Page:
With the implementation of IMF-type capitalist “free trade” agreements, port workers around the world have especially been targeted for increased government repression. In Rotterdam and Barcelona last November, dockworkers protesting a union-busting measure in the European Parliament to privatize the ports, were viciously attacked by police. And since the 9/11 terrorist attack, the Bush administration has steamrollered its anti-labor agenda. During West Coast longshore negotiations in 2002, Defense (i.e. War) Secretary Rumsfeld and Homeland Security Czar Ridge, threatened to occupy the docks with troops, ostensibly for “national security” reasons, if there were any dockworker protests that delayed ship sailings. The Bush administration’s coercion paved the way for a lockout of longshore workers by Pacific Coast maritime employers, which shut West Coast ports down for ten days. Hypocritically, this was not deemed a risk to national security. This, in turn, was followed by Bush’s invoking of the Taft-Hartley Act at the request of Democratic Senator Diane Feinstein, which forced longshoremen back to work under conditions demanded by the employers. No politician in Washington, Democrat or Republican, spoke out against the longshore union being shackled by this slave-labor law. Moreover, the “war on terror” with its attendant legislation, the Patriot Act, Homeland Security Act, ad infinitum as well as the imperialist war in Iraq enjoy bipartisan support. How do working people solve this political conundrum without wading into the “lesser of two evils” swamp?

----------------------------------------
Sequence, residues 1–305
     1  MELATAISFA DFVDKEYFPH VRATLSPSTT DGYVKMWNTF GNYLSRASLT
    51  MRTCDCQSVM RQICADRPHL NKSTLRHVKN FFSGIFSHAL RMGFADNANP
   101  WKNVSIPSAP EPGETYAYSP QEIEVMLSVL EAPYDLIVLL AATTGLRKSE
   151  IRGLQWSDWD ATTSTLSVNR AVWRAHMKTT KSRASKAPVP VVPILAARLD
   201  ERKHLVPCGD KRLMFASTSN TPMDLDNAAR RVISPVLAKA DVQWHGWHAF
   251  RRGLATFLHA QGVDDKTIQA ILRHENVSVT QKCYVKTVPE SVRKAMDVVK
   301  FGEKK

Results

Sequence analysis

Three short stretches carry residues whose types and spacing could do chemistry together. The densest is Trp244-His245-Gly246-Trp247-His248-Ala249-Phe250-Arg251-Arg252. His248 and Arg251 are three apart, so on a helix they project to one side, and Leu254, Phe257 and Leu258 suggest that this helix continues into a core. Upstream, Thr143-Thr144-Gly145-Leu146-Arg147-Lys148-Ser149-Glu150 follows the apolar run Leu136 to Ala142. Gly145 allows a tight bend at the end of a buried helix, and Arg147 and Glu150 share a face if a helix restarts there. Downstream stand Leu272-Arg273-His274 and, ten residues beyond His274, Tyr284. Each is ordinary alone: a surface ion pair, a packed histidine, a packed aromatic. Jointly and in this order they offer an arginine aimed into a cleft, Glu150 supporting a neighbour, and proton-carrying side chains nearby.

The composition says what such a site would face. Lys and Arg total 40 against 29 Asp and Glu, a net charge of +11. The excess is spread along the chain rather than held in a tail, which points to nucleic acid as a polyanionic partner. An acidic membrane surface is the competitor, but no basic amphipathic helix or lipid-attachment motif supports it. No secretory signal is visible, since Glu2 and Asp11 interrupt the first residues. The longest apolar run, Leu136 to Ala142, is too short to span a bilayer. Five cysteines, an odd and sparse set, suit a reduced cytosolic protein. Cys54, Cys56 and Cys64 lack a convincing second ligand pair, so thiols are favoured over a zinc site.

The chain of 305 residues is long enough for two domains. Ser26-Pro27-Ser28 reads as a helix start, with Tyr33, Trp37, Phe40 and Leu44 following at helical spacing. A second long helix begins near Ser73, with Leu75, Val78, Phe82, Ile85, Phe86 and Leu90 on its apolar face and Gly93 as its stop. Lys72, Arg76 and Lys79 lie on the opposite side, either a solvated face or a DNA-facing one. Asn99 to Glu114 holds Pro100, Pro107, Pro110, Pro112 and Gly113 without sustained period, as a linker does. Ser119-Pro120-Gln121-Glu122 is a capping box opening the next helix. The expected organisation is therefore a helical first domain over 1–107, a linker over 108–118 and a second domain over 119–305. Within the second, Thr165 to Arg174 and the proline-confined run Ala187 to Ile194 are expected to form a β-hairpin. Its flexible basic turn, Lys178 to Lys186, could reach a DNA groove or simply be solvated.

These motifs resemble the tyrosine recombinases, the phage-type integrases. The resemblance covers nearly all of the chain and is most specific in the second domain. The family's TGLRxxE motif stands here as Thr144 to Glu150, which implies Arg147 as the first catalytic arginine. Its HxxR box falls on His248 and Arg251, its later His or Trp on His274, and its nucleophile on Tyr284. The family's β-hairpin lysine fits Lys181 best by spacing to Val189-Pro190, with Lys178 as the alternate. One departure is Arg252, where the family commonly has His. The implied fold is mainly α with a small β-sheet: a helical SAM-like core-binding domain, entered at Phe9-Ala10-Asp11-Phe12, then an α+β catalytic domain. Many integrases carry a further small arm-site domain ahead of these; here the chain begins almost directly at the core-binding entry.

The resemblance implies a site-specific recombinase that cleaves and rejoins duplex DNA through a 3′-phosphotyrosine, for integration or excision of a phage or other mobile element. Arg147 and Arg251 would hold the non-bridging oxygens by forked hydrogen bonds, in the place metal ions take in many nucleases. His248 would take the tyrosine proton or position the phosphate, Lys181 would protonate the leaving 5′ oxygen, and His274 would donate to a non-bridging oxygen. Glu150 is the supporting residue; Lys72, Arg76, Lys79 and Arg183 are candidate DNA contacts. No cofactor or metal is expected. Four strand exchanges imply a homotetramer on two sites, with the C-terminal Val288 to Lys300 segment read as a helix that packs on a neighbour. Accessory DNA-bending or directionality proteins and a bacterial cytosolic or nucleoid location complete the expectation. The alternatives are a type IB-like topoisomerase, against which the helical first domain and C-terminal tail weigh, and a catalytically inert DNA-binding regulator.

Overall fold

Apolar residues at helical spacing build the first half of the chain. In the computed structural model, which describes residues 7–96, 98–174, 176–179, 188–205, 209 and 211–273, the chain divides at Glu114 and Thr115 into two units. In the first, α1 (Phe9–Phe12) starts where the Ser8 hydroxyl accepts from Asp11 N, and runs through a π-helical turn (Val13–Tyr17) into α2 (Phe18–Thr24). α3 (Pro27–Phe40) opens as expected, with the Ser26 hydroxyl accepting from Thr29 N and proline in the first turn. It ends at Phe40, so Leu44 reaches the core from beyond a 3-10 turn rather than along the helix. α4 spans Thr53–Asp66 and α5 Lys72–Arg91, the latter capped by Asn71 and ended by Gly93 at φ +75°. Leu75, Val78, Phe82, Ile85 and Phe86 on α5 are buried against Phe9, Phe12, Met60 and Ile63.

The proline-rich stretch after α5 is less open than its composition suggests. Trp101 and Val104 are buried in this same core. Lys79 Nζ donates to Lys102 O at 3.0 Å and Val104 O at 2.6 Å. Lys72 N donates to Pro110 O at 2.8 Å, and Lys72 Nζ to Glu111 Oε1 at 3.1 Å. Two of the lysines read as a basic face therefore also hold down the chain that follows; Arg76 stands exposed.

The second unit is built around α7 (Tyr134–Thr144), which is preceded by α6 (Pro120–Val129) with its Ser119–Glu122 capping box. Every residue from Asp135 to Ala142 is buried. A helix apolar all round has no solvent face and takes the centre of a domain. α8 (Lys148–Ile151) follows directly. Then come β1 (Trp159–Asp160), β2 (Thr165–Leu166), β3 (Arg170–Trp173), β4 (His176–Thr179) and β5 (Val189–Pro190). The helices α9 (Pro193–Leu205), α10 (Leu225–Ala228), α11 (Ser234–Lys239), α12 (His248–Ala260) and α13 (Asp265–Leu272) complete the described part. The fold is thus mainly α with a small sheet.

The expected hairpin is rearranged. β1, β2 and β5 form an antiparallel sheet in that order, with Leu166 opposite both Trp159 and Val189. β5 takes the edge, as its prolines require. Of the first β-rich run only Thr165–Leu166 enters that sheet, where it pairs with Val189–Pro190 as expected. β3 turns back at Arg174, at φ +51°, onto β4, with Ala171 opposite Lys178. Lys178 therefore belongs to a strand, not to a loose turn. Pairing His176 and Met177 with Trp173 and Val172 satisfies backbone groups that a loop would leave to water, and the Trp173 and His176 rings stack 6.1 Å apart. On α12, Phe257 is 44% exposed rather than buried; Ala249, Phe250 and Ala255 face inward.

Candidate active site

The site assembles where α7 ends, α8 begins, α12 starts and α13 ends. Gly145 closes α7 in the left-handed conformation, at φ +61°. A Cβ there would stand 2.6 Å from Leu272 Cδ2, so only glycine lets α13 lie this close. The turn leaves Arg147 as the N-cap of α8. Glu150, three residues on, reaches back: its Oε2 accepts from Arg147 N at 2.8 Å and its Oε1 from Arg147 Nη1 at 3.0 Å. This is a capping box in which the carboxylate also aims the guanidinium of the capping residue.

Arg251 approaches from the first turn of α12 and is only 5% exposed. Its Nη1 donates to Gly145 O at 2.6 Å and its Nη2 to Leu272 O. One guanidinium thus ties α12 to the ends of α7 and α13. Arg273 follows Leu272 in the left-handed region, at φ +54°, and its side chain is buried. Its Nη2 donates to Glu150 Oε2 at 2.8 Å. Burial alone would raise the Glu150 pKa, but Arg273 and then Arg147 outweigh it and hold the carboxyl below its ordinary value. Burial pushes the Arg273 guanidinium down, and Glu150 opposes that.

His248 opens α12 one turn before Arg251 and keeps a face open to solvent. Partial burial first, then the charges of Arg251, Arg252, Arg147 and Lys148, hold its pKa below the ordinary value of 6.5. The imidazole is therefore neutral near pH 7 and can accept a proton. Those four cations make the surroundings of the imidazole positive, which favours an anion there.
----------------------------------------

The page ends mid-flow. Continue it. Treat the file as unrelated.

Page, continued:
Longshore Local 10, which has inspired many by its stands on social and political issues through dock actions — against South African anti-apartheid, in solidarity with anti-WTO protesters in Seattle, for freedom for black political prisoner Mumia Abu-Jamal, in protest against the bloody Pinochet military dictatorship in Chile — now is calling for a Million Worker March on Washington on October 16th (<www.millionworkermarch.org>), independent of both the Democrat and Republican Parties. Organizers say it’s time for the working class to stop being the whipping boy for capitalist greed — no more cannon fodder for imperialist wars, defend workers’ rights, civil rights and civil liberties, an end to the piracy of public institutions through privatization, increased funding for social needs like health care, education, housing and jobs. The power of workers, they say, has to be harnessed into a massive protest mobilization in Washington to demonstrate to the ruling class that their political monopoly will no longer go unchallenged. The momentum for the longshoremen’s call for the march seems to be growing with endorsements from the San Francisco Labor, Charleston (South Carolina), the Albany and Troy, New York Labor Councils, Long Island City Teamsters’ Local 808, an IBEW local in Philadelphia, the Northern California Coalition of Black Trade Unionists, the Black Caucus of the Teamsters Union and other unions and community groups around the country. Danny Glover and Dick Gregory have signed on as well.